Leaving Darkness: Part IV

Leaving the Darkness

Part IV: Ignorance is Bliss

I felt far too aware of eyes on me when I walked into the class late. It had been a long time since i’d felt self-conscious of my paramorphic features, but that’s all I could think as these strangers watched me walk into the class. I picked a seat next to a dark-skinned girl who reminded me vaguely of Kellen. She sent me a cursory glance before looking back at the teacher. Discussion on lethal force in crime fighting? I guess I should be thankful the Legion are so lenient. I tried not to feel too bitter while thinking it.

“I’m Charlie,” the girl murmured next to me. I hesitated but didn’t want to be outright impolite.

“Jaeger,” I replied.

“What accent is that?” she asked, watching me now. I tried not to squirm under the stare, something about her eyes felt intuitive.

“German,” I said, not meeting her gaze head on. She made a ‘huh’ sound and focussed on the class. I breathed an internal sigh of relief. I tried not to take any of the listed pros of killing a villain personally as they were spoken.

“Alright, what are the cons of killing your opponent?” the teacher asked, her eyes scanning us expectantly.

“If you make a mistake, you can’t take it back,” someone near the front suggested.

“People can change, the dead however can’t…” a girl trailed off uncertainly. I had to remind myself I wasn’t drawing attention to myself but there was an ongoing silence and no one else had spoken.

“It makes things personal,” I finally said, trying not to think about Heppenheim as I spoke. “Even w-” I cut myself off quickly, what on earth had I almost done? “They… have friend and family,” I recovered. I don’t think anyone noticed. Hopefully they would blame it on english not being my first language.

“Also a good point, what about pros for not killing?” the teacher asked, taking attention away from me.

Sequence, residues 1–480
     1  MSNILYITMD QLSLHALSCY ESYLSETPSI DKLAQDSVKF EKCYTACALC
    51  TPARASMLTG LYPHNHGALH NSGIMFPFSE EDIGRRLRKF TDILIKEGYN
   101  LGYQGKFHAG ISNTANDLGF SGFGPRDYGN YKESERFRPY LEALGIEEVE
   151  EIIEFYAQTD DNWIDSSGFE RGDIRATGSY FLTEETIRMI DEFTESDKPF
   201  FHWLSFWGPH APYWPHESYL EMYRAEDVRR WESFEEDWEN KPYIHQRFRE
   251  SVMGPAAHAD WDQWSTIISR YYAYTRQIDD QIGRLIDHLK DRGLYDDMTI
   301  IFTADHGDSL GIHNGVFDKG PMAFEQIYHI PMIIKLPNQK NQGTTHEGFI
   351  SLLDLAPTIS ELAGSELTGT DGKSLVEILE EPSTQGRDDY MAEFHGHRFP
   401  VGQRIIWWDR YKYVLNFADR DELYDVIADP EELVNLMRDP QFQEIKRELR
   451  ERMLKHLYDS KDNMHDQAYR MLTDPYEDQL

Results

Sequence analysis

Some more people gave one sentence suggestions and then the girl next to me spoke up, surprising me;

“While you do have to hold back, you also don’t escalate the situation; thieves, smuggles and many other crooks aren’t going to kill you; the last thing they want is being wanted for murder, being the subject of a massive manhunt isn’t good for business,” she explained. Some of her words rang with a very old memory I hadn’t thought about for some time. Discussion continued and I brushed it aside. Now wasn’t the time to think about him. Eventually the teacher brought up working alongside the police and I admit I drowned out some of the rant. It felt surreal being in a classroom again. I had never been a good student.

I let my eyes wander to look at the others who were paying more attention than me. I’d never expected such a mixture to be honest. It was refreshing at least. Everyone was attractive in their own way which they would be. Hero types had to look the part after all. Even the Itharii had a fuzzy adorable-ness to them that the public would fall in love with. A girl with bright red hair questioned the teacher on aliens that resulted in a further lecture. I took a copy of the book passed to me and handed Charlie one.

“Already read it,” she murmured, not bothering to open it. I cocked an eyebrow at her but she was looking at the teacher. It wasn’t like I was after an in-depth conversation anyway. Eventually the class ended and I followed the others to the next classroom.

“So what took you so long to join us?” A dark haired asian guy asked. I tried to think up an excuse but thankfully Charlie rescued me.

“That’s none of our business Mace,” she said, careful not to let her tone sound aggressive.